Left to my own devices, I don’t often find it hard to write. My head is always full of STUFF—some of it important, plenty not—and the STUFF gets tangled up with pesky FEELINGS and then there is something about the act of extracting those things from my skull and committing them to letters and punctuation and letting other people see it that helps me make sense of things. It helps me to make sense of ME.

That’s inherently selfish, and I know it. Then again, a lot of things are. I’m not convinced the way I’m compelled to write is any worse than anything else, but I know this about it. I do pay a lot of attention to how I involve others—my family, my friends, random people—when I write, and I am all-too-often aware that the human penchant for personalization means there is no avoiding pissing people off. That, too, is part of the territory. Most of the time I don’t mind; I am careful, and if you read something I didn’t actually write (or construct something I didn’t intend), that’s on you, not me.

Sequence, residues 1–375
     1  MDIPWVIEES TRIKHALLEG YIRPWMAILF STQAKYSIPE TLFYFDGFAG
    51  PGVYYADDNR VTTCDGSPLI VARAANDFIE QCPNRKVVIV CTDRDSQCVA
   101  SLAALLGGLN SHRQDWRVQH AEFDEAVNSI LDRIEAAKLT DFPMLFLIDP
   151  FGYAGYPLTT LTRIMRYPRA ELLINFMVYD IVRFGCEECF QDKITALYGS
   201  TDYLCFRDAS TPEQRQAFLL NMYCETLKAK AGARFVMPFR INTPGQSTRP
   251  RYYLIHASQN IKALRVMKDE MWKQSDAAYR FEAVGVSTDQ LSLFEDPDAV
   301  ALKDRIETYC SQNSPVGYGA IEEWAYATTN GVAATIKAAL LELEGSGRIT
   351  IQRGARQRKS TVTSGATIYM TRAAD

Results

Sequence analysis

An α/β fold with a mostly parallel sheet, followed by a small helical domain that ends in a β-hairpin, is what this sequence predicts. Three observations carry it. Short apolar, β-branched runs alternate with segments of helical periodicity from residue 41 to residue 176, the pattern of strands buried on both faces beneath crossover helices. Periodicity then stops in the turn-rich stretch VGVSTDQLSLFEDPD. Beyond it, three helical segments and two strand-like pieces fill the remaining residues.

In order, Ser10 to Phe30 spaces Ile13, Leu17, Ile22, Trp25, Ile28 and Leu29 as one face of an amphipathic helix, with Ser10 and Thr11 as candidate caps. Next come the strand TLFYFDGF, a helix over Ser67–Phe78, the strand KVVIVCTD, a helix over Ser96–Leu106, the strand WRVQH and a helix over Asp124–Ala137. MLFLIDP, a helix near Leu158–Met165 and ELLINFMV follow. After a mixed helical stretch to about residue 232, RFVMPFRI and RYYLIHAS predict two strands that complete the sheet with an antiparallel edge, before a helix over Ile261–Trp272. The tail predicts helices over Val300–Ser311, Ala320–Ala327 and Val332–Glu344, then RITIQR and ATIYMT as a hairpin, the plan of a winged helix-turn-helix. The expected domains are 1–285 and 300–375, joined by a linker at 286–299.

During the last however many months of feeling like life would never, could never, be normal again, my normally crunchy exterior shattered and left me exposed to pretty much everything right when I most wished to be impervious to others. It would probably be a good time to shut up. (more…)

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The “Phew, not going bankrupt” story